Arkansas governor calls for special session to create exception to mask mandate ban


Move would give public schools authority to require students younger than 12 to wear a mask.

FILE – In this Tuesday, June 22, 2021, file photo, Arkansas Gov. Asa Hutchinson testifies before a Senate Judiciary Committee hearing on Capitol Hill, in Washington. Hutchinson is set to become the new chairman of the National Governors Association, which has been focused on states’ response to the coronavirus since the pandemic erupted across the U.S. (AP Photo/Manuel Balce Ceneta, File)

LITTLE ROCK, Ark. (KNWA/KFTA) — Republican Governor Asa Hutchinson is calling for a special session on Wednesday, August 4, to create an exception to Act 1002 — the mask mandate ban — that will give public school boards flexibility to to protect schoolchildren who are 11 and younger and not eligible to receive the vaccine.

Act 1002, which prohibits state and local government, including school boards, from requiring people to wear a mask, was signed into law by Hutchinson in April 2021.

Now, the governor is asking legislators to provide an exception to the law that would grant each school board the authority to decide whether to require students younger than 12 to wear a mask.

“Under CDC guidelines, students 11 and younger cannot receive the COVID vaccine, and without it, they are at a greater risk of contracting the virus, particularly the Delta variant,” Hutchinson said “COVID‐19 impact is escalating among children, particularly those 12 and older, as we have seen in the increased number and severity of COVID‐19 cases at Arkansas Children’s during July.”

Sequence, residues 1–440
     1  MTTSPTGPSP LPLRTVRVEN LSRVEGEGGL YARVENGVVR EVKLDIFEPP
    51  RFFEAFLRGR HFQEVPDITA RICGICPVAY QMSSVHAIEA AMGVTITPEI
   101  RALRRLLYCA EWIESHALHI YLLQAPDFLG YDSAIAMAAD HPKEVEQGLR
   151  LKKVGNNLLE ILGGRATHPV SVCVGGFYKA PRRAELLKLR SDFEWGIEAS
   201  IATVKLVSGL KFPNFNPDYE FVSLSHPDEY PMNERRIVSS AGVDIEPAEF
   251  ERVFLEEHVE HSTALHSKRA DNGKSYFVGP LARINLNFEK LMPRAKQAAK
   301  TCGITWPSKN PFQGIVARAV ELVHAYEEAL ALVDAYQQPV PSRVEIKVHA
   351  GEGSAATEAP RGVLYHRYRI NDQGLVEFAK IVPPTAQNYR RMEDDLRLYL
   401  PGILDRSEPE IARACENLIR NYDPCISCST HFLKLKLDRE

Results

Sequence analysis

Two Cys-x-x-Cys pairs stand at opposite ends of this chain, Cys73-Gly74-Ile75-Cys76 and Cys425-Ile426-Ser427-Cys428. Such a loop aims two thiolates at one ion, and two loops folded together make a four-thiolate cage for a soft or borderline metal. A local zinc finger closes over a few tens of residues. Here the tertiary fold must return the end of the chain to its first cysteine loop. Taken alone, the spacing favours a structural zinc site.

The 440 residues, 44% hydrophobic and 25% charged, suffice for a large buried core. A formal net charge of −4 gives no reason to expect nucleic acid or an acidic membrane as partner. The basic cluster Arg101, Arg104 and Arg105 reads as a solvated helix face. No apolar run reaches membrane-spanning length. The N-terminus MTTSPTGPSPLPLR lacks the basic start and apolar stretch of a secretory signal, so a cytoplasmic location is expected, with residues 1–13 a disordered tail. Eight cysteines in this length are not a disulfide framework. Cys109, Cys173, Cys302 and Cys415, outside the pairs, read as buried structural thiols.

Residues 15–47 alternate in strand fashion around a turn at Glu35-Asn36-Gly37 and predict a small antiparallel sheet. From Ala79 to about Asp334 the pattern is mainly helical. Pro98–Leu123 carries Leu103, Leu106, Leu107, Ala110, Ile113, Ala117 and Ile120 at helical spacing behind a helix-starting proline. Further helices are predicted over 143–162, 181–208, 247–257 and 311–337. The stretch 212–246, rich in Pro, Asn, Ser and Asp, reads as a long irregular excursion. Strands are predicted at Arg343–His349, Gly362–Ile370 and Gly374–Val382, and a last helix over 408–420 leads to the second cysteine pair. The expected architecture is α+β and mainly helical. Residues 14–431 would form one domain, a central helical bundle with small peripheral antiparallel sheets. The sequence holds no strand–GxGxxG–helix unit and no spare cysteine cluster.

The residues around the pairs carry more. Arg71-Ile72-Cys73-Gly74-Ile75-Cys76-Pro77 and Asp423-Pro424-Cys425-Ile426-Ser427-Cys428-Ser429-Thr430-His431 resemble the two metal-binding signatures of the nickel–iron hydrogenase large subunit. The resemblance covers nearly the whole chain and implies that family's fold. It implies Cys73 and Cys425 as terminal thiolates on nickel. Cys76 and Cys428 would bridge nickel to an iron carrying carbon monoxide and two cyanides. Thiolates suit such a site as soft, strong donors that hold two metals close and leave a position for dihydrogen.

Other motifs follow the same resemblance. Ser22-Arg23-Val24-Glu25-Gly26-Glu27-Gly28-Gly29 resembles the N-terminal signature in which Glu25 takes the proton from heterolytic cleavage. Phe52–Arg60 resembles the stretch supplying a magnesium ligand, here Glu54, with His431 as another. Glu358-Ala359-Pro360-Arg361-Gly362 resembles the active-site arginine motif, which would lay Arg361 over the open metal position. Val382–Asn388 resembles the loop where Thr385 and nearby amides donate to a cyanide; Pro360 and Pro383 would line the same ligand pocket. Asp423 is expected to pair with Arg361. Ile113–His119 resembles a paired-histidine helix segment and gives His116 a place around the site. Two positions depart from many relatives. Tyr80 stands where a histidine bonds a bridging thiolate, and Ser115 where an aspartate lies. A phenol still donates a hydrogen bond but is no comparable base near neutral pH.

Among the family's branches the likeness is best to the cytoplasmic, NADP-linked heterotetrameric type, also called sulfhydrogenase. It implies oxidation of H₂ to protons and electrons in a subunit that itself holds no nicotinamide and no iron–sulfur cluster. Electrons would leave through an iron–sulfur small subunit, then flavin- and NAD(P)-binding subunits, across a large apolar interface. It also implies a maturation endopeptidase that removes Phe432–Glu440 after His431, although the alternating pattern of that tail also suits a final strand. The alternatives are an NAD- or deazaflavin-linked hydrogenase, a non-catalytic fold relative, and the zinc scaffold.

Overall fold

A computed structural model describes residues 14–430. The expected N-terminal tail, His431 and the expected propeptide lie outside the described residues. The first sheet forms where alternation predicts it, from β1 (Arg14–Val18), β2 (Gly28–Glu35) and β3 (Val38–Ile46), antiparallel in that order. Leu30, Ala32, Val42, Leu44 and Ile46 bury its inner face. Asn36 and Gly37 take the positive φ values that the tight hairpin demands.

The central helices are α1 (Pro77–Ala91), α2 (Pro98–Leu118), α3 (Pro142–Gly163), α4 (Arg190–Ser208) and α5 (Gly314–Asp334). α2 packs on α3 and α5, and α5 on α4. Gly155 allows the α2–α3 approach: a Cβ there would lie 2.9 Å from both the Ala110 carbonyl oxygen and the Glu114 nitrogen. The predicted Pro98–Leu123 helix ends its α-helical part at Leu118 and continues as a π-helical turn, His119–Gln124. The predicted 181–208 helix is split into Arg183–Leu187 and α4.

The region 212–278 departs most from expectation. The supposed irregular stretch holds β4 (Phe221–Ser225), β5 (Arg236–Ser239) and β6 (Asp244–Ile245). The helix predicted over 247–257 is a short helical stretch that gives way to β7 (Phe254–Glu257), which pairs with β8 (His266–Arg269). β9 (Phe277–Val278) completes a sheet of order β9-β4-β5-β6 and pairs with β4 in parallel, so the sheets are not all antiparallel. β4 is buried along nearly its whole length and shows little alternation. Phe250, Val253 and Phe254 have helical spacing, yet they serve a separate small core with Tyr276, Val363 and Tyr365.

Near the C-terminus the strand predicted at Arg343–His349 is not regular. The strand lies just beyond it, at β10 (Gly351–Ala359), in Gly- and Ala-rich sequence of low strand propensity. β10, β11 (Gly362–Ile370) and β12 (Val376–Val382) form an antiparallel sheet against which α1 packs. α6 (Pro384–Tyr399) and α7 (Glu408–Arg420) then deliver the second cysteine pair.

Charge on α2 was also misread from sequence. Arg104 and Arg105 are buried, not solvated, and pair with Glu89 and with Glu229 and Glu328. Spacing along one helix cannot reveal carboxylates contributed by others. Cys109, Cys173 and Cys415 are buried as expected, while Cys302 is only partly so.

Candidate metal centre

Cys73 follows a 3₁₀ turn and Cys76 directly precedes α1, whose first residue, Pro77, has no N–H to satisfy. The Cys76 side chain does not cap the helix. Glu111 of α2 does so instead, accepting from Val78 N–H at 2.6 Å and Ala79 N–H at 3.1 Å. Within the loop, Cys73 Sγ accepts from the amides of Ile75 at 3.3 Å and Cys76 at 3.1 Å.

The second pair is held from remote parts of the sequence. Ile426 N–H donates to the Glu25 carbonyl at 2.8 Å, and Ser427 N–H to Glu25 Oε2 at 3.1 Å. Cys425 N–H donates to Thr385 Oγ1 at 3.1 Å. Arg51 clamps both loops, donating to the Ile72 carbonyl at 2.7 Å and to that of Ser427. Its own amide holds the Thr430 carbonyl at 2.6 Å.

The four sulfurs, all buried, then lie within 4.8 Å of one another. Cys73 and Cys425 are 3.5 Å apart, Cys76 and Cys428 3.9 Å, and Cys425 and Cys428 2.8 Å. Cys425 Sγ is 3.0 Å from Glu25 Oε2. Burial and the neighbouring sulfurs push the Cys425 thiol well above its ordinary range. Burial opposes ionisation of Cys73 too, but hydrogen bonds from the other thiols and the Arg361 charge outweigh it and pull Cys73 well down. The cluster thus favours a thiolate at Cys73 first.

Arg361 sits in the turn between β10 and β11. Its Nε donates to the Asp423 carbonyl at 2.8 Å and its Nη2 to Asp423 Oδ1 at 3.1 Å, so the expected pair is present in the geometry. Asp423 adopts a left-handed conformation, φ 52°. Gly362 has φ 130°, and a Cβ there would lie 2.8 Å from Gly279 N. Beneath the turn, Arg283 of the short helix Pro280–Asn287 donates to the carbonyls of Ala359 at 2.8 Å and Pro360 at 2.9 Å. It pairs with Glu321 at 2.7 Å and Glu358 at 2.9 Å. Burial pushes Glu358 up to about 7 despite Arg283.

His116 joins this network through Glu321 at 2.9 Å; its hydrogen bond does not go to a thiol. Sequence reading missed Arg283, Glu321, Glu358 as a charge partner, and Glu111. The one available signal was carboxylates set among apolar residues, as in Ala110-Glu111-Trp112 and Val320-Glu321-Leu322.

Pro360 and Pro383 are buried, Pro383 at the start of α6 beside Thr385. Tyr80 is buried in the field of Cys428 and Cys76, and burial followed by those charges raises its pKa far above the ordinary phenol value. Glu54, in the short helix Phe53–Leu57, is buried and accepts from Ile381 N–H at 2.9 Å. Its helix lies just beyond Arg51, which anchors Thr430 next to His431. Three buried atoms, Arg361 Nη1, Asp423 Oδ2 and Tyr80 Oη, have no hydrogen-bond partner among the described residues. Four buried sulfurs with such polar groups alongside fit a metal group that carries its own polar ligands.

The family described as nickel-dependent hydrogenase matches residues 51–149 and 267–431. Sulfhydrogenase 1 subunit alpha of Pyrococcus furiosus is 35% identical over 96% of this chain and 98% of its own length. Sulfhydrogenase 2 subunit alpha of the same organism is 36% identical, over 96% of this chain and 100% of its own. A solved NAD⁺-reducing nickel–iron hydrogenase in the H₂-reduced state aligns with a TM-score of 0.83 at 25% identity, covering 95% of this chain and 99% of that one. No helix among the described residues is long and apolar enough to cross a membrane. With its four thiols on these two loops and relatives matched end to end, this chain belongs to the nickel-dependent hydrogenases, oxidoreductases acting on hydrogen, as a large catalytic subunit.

Last week, seven children were in Arkansas Children’s ICU, and four were on ventilators.

“I understand that some legislators are reluctant to allow school boards this freedom, even in this limited way,” Governor Hutchinson said. “But the exceptions for which I am asking are true to the conservative principle that puts control in the hands of local government.”

Hutchinson is also asking the General Assembly to affirm the decision to terminate Arkansas’ participation in federal unemployment benefit and relief programs related to COVID-19.

“It is more important that we reduce the number of unemployed and put more people to work than it is for the state to accept any federal relief programs related to unemployment,” Governor Hutchinson said

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